Sweden moves to classify loot boxes as gambling

Video game loot boxes may be restricted in Sweden as early as January 2019 if legislation seeking to classify it as gambling becomes law.

Swedish radio station P3 News reported that Sweden is the latest country to suggest that RNG loot boxes requiring real-money purchases must be regulated to protect children from gambling embedded in video games.

Sweden’s Minister for Public Administration Ardalan Shekarabi wants loot boxes to be classified as a form of gambling to allow the government to impose much stringent policy under Swedish law.

Current Swedish law doesn’t define loot boxes as gambling, which makes it difficult for the government to regulate the product. Shekarabi noted that many gamers get stuck in “an abusive and addictive cycle” of purchasing loot boxes.

“We are working to regain control of the gambling market as soon as possible, and to make sure that Swedish consumer protection laws apply to all actors which conduct gambling activities,” Shekarabi said, according to the news outlet.

Shekarabi has already asked game experts and government authorities to review whether or not there’s a need for a new law that would strengthen consumer protection in the country. When asked whether loot boxes will be classified as gambling next year, the Swedish minister said, “I don’t want to rule out the possibility.”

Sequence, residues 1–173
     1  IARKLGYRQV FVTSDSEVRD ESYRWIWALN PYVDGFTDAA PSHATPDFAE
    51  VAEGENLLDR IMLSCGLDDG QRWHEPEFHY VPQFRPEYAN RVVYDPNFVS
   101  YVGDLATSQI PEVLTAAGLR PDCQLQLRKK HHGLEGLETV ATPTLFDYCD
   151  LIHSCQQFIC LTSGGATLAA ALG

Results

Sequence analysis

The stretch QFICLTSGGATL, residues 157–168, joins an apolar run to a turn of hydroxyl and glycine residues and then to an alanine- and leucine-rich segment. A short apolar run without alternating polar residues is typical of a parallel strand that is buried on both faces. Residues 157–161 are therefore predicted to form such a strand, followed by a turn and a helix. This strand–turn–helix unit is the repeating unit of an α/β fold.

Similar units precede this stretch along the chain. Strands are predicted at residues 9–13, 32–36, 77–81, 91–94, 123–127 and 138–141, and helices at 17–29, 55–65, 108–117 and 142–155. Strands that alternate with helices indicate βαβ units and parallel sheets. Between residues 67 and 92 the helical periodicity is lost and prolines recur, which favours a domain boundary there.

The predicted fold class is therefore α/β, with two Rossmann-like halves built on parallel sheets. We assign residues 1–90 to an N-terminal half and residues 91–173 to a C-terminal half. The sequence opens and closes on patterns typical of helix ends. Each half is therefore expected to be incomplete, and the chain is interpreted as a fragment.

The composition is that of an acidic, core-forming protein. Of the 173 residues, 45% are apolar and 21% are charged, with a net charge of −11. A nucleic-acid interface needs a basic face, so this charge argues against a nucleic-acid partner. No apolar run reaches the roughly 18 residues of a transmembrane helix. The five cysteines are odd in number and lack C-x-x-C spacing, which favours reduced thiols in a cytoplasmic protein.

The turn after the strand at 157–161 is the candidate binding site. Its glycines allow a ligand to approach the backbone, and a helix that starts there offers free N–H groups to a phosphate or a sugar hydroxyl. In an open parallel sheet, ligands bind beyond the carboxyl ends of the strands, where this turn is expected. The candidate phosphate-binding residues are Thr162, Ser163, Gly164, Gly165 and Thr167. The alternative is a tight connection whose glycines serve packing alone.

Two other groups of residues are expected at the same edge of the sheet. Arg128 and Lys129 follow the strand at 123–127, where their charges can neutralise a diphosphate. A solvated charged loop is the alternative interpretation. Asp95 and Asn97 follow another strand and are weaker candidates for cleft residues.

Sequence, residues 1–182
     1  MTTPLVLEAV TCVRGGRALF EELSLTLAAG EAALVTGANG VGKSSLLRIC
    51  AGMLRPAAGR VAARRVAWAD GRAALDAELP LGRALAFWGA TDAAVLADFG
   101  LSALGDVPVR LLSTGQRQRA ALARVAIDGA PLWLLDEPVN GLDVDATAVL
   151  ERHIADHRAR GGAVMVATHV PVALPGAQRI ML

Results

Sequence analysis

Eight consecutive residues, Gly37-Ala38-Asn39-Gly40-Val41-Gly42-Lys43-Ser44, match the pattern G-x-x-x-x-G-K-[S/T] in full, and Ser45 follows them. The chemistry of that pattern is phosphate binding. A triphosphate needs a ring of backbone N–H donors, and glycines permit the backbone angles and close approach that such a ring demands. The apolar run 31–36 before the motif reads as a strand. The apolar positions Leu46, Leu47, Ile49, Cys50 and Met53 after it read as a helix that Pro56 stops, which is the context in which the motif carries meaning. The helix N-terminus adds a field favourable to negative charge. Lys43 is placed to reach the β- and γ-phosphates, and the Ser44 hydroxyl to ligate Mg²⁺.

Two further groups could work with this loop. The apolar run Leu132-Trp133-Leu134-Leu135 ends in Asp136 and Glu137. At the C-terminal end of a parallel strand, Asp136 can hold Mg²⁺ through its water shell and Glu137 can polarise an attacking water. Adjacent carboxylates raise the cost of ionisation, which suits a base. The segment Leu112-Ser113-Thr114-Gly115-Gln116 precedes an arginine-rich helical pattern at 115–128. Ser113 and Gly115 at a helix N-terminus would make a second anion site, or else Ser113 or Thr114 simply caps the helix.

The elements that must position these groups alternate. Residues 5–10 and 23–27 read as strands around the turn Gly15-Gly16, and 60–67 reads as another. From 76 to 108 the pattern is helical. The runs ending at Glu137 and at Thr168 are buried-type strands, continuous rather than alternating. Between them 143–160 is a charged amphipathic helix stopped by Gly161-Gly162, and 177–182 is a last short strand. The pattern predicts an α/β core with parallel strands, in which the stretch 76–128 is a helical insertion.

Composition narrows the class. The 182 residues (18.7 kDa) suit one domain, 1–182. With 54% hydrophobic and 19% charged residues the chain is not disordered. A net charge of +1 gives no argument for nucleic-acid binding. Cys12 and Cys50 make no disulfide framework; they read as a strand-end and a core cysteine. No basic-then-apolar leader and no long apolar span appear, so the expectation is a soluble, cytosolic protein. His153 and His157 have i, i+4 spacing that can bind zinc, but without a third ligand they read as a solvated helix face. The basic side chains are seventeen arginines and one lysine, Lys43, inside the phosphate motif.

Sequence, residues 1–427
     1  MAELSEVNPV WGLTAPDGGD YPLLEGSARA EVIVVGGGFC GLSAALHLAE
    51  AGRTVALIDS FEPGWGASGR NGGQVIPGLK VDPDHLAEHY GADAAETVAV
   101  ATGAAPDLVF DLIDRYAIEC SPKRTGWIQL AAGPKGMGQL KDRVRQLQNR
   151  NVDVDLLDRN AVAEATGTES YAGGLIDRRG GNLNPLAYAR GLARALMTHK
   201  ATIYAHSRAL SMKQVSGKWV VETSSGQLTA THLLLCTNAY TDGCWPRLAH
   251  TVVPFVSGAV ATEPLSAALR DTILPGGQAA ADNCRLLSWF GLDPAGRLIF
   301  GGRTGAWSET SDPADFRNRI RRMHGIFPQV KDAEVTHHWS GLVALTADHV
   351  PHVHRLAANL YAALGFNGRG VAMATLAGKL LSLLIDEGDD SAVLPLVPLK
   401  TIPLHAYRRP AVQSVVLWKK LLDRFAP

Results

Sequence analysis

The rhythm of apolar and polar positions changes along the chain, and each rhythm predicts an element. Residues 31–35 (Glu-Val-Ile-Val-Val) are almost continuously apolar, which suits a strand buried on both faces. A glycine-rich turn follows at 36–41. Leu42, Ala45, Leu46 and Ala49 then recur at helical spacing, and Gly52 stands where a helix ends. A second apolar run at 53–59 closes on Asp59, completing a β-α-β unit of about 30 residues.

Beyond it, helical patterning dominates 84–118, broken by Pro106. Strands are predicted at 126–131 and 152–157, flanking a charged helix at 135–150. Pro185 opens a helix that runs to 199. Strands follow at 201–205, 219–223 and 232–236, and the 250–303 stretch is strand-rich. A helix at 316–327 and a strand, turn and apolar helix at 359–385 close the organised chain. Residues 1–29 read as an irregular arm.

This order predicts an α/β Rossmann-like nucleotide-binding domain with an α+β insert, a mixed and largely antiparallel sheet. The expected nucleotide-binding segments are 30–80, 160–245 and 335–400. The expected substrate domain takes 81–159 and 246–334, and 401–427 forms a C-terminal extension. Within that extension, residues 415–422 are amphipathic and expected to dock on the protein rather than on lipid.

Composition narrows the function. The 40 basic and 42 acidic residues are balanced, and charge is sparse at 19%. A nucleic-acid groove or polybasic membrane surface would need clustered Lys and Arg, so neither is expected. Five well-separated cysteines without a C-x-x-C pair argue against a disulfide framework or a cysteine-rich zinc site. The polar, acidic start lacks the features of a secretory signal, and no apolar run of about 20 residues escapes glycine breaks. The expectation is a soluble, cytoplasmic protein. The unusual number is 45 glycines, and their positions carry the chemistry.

Loot boxes in video games were first introduced in 2010 with a crate system in Team Fortress 2. In the game, players are given the opportunity to purchase crates that contains specialized items—such as new weapons and wearable headgear—that will help them progress in their tasks.

The debate on whether loot boxes should be considered as gambling started in 2017 during the beta testing phase of Electronic Arts’ long-awaited Star Wars Battlefront II.

The randomness of what’s inside the loot boxes has caught the ire of many players, who claimed that it was far easier to open loot boxes by spending money, creating a ‘pay-to-win’ system.

The issue continues to divide regulators across the globe. In November, Belgium’s Minister of Justice Koen Geens sought to prohibit loot boxes, saying the in-game purchases were “dangerous for the mental health of the child.”

German authorities have also joined the chorus of critics calling for stricter regulation after research found video games were adopting gambling elements. Meanwhile, the UK Gambling Commission and the Gambling Compliance Office of New Zealand’s Department of Internal Affairs both agreed that loot boxes did not meet the legal definition of gambling.